Website localization

How to conduct website localization in 7 steps

Brick-and-mortar shops spend a lot of energy on making their windows and storefront as appealing as possible. Whether that’s arranging fantastical tablescapes, gorgeous jewelry displays, or making sure every passerby can smell what’s cooking — your front door matters.

The same is true whether you’re running an e-commerce store, personal website advertising your freelance work or your company website. Consider your website as your digital front door for your global audience. It’s the first place people interact with your business. Do they feel welcome? Have you grabbed their attention?

As you look to build a multilingual website, consider how that applies to your website so that all of your customers — no matter where they are from — feel welcome doing business with you.

75% of consumers have said they’re likely to purchase goods and services if the product information is in their native language. And 87% of consumers who don’t speak and can’t read English won’t even consider buying from an English website.

You need to be understood literally (as in the words you use) and culturally (the way you say them). This is where website localization comes in.

What is website localization?

Website localization isn’t the same as website translation. When localizing your website, you’re adjusting every aspect of it to fit your target markets, from payment processes that fit customer preferences to layout that has enough space for different languages to using images that accurately represent the market. Translation is only one part of the localization process.

We’ll walk through what that looks like, and the seven steps you should take if you’re ready for website localization.

7 steps for a seamless website localization process

1. Define your localization strategy

Before you begin the process of website localization, determine your localization strategy.

This refers to the overall plan for how you’re adapting your offerings, messaging, and content to new countries and markets in a way that aligns with your brand, and how you measure the success of that plan. This requires market research to determine which different languages you want to create a localized version of. You’ll need to determine your target markets and consider different languages, cultures, and social norms.

That’s because expanding your global presence doesn’t just mean translating the words. It’s about how you present the information, and whether or not potential customers will be likely to purchase your product as a result for the international markets.

When putting together a localization strategy for your website, you’ll want to:

  • Understand which markets and countries you want to target, and the culture, purchasing behaviors, and payment options of those markets.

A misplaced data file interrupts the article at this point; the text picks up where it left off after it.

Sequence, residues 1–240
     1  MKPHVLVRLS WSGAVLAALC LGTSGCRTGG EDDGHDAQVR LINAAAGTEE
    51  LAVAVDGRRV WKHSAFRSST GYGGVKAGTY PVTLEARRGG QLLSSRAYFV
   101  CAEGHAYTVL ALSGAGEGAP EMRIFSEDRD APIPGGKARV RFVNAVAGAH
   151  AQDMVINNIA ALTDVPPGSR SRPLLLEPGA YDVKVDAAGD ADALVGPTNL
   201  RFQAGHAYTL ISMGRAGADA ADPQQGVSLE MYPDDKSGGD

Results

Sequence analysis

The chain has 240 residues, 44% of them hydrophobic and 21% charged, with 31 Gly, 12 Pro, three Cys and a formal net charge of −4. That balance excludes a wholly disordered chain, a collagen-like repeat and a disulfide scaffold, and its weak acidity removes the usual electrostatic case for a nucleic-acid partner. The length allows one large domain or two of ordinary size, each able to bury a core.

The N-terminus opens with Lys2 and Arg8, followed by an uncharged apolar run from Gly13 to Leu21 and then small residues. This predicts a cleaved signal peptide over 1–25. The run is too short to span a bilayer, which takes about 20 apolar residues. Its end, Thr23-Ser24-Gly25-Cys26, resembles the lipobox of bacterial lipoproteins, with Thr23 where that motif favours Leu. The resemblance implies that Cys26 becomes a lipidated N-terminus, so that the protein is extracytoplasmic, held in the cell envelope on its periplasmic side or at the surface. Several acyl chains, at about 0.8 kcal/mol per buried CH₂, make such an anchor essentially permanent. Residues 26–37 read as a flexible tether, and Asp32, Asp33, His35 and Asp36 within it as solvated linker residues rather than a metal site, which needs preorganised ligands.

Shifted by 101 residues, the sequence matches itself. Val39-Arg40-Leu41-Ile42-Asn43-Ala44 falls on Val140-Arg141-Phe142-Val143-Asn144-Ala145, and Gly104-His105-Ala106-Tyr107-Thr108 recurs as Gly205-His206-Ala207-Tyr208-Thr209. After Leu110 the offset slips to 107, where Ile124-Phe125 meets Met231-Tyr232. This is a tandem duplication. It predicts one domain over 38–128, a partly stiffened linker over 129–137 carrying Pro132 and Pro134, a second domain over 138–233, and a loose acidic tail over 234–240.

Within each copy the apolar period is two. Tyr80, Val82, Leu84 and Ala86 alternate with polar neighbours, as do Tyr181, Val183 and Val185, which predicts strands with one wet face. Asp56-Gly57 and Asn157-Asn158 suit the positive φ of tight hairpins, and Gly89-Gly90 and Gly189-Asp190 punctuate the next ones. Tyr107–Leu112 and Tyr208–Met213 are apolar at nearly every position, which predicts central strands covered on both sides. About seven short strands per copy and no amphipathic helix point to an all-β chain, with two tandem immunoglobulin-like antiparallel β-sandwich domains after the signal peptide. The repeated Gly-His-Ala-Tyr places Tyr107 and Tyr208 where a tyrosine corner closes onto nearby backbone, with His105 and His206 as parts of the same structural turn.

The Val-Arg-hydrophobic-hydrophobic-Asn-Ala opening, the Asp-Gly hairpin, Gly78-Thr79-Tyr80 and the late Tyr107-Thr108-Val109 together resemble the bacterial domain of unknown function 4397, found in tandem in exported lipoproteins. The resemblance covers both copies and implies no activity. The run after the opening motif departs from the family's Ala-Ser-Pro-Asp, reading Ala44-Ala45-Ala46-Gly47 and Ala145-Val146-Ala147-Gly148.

• Determine how your brand translates into local languages, from tone and voice to mobile versus desktop designs.
  • Know who on your team will be responsible for localization, from designers to developers.
  • Set KPIs to measure your localization strategy (incremental sales, SEO rankings for keywords in other languages, page views and more).

2. Design pages with localization in mind

Traditionally, companies would first design websites with only one language, and start thinking about adding more translations only after development. This often sounds like common sense, considering that deadlines are often tight.

But this only increases your costs and slows down your localization process in the long run. As you increase the number or length of your web pages, you also increase the chances of introducing bugs or translation errors. You can prevent this by translating your website as early as the design process, rather than waiting until the last moment.

This means not only accommodating for text expansion and contraction — languages like German can expand text up to 35%, while Swedish can contract it by the same amount, while non-latin languages like Chinese, Japanese, and Korean cause vertical expansion — but designing with images and layouts that make sense regardless of language.

At Lokalise, we integrate with tools like Figma, Adobe XD, and Sketch so you can easily see how your designs will change based on the target language without any code changes.

3. Internationalize your website

Internationalization (i18n) involves designing and developing your website so it can be adapted and localized to different cultures, regions, and languages. Internationalization and localization may seem interchangeable, but they’re really complementary — and inseparable.

I18n is usually executed once, at the front end of the software design and development process. Rather than hardcode each individual language every time you want to translate a given piece of text, internationalization prepares your codebase to receive different configurations based on your target language(s). It replaces code with key placeholders that — when localized — automatically retrieve each foreign language without requiring fundamental engineering changes.

In addition to creating placeholder keys, internationalization involves some other best practices like enabling cultural formatting, including number formats and systems, time zones, personal information, and text formatting.

To internationalize your website, you’ll want to inject a piece of code into your website that can automatically detect system preferences, domain, or location settings for target audience so you know which language to fire — and if it’s not supported, what fallback rules are in place, such as defaulting English speakers in European countries to UK English rather than US.

Most website building tools and CMS like WordPress, Contentful, and HubSpot already have this covered. You’ll only need to do this step if you’re not using an established CMS. When in doubt, reach out to your CMS support team (or read through documentation).

4. Create a localization workflow that works for your team